Hike, bike, fall, crash, file suit " not | SierraSun.com

Hike, bike, fall, crash, file suit " not

Jim Porter
Law Review

Every once in a while the California Legislature gets it right. In 1963 California adopted a Recreational Use Statute that makes private land owners immune from liability for injuries suffered by people who enter their land free of charge for recreational purposes.

Also in 1963, the Legislature adopted a similar law protecting public land owners from lawsuits filed by citizens using public roads and trails for recreational purposes.

Both laws were enacted in response to closures of large parcels of public and private land to encourage land owners to allow use of their property for recreational activities.

Anni Amberger-Warren was walking her dog Diogi in the off-leash section of Linda Park in Piedmont. Amberger-Warren was on a paved pathway cutting across a small hill when she slipped on some debris, injuring her hand on an exposed cement edge. She sued the City of Piedmont for a dangerous condition of public property. The City defended, claiming it was immune on the basis of the Trail Immunity Statute, Government Code Section 831.4.

Section 831.4 provides that public entities are not responsible for injuries caused by a condition of any unpaved road or trail or paved sidewalk path or trail which provides access to fishing, hunting, camping, hiking, riding (animal and vehicular), water sports, recreational or scenic areas. The law also protects private property owners who deed public easements to municipalities for those same recreational purposes.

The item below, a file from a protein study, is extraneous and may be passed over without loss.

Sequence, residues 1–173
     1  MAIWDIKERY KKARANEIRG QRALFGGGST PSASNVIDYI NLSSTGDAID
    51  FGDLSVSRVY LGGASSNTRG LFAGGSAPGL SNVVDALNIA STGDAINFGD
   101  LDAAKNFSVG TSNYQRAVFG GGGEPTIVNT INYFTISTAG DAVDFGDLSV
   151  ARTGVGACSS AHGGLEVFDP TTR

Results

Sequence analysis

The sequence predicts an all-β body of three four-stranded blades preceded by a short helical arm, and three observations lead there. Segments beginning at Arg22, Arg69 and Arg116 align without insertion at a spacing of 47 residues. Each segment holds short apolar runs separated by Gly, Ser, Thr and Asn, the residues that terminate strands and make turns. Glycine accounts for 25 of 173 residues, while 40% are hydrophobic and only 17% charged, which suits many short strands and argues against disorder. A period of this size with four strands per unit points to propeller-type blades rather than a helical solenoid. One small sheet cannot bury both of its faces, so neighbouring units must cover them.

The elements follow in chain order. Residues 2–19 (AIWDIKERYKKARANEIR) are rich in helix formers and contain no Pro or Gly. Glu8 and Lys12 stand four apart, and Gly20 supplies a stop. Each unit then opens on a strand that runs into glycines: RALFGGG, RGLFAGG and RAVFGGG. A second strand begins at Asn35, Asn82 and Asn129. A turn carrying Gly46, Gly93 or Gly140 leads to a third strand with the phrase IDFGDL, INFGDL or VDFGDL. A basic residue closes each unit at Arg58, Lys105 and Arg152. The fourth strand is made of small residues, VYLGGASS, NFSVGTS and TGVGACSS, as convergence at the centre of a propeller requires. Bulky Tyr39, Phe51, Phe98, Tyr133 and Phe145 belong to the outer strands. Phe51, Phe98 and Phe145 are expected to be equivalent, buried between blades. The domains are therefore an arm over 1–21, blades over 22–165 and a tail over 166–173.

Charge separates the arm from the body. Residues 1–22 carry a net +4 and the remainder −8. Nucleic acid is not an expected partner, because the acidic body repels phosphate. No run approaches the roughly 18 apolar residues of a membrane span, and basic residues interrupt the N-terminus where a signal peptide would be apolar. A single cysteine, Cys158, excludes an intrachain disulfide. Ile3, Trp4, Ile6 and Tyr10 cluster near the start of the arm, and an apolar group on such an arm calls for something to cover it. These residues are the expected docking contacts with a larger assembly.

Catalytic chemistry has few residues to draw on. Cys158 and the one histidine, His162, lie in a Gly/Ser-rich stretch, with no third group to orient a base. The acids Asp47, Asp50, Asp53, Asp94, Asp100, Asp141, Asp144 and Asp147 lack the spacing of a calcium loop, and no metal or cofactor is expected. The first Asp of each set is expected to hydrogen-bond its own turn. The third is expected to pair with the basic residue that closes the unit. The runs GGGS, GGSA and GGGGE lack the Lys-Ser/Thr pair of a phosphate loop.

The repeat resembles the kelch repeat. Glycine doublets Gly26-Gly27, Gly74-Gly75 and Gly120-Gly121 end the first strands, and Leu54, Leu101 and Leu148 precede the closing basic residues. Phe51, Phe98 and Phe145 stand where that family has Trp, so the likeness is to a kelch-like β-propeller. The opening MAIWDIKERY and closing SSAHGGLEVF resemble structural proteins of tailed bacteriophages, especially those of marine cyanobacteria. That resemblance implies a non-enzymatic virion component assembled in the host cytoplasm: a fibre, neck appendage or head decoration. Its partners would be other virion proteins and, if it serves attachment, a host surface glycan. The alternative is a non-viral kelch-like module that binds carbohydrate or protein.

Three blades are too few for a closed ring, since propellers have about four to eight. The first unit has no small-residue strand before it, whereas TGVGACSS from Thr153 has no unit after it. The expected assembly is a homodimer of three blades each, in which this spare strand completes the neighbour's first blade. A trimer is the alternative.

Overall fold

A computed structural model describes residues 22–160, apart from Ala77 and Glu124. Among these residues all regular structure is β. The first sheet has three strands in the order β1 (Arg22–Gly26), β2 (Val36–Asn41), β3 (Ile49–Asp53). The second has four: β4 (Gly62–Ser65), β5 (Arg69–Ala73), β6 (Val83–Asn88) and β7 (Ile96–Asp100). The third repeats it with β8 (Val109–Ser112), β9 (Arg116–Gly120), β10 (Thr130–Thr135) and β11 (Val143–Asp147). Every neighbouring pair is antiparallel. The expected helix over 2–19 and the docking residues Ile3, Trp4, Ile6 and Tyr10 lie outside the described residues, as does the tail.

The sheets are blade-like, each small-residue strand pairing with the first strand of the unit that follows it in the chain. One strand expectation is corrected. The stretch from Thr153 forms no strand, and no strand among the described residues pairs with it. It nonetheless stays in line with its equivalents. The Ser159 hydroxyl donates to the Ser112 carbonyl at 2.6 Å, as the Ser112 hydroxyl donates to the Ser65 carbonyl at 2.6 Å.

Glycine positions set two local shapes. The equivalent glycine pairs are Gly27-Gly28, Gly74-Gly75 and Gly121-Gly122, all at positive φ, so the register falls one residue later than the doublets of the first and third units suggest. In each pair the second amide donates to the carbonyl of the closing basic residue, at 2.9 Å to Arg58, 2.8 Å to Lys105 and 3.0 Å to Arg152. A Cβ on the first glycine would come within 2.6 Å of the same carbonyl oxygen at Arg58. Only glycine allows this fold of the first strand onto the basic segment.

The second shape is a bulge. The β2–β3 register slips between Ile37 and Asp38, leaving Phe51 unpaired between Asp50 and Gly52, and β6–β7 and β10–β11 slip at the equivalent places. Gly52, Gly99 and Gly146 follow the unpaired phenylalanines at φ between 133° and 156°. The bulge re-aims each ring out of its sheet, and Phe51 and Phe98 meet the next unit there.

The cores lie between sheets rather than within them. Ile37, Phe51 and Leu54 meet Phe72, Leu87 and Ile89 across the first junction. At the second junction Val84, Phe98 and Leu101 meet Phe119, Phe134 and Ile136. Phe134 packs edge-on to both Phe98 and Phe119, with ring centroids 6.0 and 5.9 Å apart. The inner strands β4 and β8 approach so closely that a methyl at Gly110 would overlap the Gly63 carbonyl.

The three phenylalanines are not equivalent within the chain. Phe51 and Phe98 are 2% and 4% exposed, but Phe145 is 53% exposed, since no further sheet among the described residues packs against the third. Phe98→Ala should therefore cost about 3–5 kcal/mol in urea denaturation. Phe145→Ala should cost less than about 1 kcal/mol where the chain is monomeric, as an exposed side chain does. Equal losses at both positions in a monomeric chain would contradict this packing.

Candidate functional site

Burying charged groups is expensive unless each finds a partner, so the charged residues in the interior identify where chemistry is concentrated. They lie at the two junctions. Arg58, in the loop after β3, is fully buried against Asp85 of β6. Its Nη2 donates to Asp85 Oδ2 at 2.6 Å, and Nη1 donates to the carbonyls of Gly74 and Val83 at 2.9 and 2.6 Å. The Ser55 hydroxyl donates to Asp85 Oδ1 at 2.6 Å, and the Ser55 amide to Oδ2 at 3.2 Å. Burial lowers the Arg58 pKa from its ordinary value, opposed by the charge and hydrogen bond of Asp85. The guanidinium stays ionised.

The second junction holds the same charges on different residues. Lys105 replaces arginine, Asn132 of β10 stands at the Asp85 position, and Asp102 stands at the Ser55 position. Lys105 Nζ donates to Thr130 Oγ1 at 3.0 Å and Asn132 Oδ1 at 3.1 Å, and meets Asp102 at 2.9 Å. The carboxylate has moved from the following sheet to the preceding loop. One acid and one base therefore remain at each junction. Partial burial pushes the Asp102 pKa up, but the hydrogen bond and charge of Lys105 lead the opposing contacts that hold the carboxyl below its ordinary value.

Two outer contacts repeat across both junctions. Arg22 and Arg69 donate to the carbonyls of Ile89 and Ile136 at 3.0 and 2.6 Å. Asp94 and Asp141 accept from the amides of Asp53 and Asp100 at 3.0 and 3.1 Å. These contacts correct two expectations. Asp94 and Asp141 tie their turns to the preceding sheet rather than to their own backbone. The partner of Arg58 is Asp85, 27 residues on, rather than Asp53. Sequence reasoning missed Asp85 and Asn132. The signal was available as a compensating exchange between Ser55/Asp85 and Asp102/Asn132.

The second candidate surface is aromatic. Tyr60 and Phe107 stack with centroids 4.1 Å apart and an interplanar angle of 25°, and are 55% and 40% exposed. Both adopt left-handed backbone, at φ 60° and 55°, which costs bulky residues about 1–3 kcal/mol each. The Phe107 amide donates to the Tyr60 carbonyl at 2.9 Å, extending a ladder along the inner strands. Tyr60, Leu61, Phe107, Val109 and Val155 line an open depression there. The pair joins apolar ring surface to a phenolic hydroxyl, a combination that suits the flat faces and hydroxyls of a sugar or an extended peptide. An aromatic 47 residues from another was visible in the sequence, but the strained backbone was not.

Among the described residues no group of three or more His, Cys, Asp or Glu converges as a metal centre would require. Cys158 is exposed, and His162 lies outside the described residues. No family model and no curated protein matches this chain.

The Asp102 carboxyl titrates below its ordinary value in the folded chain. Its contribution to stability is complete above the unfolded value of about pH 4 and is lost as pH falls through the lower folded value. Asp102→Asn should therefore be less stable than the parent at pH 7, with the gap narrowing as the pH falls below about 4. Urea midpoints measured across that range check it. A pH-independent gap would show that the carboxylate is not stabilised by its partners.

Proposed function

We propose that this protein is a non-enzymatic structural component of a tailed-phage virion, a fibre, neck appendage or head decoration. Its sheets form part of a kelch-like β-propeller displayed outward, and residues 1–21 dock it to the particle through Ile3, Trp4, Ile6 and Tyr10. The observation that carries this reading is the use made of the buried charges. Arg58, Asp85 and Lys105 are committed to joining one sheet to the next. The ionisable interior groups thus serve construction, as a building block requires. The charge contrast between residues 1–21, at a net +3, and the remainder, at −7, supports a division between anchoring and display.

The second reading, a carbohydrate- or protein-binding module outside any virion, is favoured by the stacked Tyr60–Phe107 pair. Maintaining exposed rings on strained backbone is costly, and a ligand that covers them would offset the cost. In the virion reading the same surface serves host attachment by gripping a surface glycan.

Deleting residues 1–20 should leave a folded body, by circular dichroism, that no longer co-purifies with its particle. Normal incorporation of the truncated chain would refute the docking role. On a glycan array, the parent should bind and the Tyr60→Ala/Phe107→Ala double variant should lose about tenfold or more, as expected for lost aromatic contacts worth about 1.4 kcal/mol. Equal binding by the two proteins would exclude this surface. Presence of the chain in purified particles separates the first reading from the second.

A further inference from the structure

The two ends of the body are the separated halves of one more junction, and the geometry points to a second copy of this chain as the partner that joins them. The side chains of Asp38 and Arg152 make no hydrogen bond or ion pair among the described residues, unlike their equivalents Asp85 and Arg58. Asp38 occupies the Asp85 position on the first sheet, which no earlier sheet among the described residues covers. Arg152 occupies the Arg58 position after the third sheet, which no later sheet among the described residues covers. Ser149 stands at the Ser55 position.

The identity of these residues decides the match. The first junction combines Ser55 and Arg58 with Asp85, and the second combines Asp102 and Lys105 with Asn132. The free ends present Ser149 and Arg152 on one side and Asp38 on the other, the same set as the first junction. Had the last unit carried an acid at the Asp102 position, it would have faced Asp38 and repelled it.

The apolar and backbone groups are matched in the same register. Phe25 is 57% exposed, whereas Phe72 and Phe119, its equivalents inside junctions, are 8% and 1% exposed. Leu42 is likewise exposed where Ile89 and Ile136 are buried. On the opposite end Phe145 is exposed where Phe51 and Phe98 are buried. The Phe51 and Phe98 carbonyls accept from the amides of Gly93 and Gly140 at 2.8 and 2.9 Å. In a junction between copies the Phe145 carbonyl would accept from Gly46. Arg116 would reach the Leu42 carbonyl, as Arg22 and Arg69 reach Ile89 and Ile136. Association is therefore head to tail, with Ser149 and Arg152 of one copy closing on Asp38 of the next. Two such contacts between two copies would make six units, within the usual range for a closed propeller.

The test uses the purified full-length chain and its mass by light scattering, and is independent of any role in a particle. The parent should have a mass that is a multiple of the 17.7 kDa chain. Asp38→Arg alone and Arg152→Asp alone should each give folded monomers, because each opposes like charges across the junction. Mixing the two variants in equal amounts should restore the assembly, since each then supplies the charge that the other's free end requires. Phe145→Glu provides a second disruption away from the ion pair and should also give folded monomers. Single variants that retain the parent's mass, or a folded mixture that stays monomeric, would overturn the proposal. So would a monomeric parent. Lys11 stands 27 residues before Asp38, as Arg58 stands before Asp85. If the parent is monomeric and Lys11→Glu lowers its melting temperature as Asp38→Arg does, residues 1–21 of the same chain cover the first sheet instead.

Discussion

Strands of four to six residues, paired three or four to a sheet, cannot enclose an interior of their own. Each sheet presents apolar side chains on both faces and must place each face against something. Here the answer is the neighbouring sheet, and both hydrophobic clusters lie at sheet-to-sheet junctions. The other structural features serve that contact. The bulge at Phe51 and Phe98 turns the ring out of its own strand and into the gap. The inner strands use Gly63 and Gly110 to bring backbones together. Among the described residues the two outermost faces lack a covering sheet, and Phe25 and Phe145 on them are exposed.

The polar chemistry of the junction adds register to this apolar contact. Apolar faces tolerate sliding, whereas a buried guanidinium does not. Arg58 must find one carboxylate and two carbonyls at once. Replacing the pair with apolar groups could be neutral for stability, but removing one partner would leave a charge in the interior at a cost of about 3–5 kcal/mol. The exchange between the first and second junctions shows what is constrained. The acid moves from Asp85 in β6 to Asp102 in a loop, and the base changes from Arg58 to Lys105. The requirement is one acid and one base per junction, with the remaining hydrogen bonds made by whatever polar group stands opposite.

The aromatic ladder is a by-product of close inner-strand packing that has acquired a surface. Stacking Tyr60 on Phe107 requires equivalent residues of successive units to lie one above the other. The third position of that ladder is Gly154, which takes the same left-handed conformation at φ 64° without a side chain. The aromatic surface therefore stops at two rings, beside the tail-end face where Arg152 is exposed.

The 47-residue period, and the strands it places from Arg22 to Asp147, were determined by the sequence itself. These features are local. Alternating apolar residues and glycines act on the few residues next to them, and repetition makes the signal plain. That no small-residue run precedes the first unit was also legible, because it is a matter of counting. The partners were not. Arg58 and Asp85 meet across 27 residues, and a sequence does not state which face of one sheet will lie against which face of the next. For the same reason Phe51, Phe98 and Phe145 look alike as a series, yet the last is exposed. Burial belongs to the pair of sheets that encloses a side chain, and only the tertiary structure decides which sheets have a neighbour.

(Advice: Don’t simply allow use of a trail on your property, deed an easement to a public entity or qualified land trust for the trail.)

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Amberger-Warren made all sorts of fancy legal arguments trying to distinguish “trails,” “sidewalks,” “paths,” and “walkways” to no avail.

She then remarkably claimed that Piedmont was liable for creating a dog off-leash area in the park even though she admitted she had brought her dogs to the area nearly every day for at least eight years without mishap.

Amberger-Warren finally argued that because she fell on some debris on the paved trail the city was liable because it didn’t properly maintain the trail. She also contended that the location and design of the trail was the cause of her injury.

The Court of Appeal found that the public trail immunity covers claims from recreational users arising from a paved or unpaved trail’s design, location, construction and lack of maintenance.

Ultimately concluding, I believe appropriately, “While we would like to live in a world of resources sufficient to guarantee reasonable safety at all times, users of recreational trails or bike paths generally understand the risk of injury inherent in the use of such pedestrian ways, and recognize that a large portion of the activities comprising modern public park and recreation programs … might well be curtailed, deferred or even completely eliminated if the risk of tort liability (lawsuits) were to impose unduly large obligations upon the public treasury.”

As noted above, private property owners who allow use of their property by recreational users additionally have the Recreational Use Statute to protect them from lawsuits.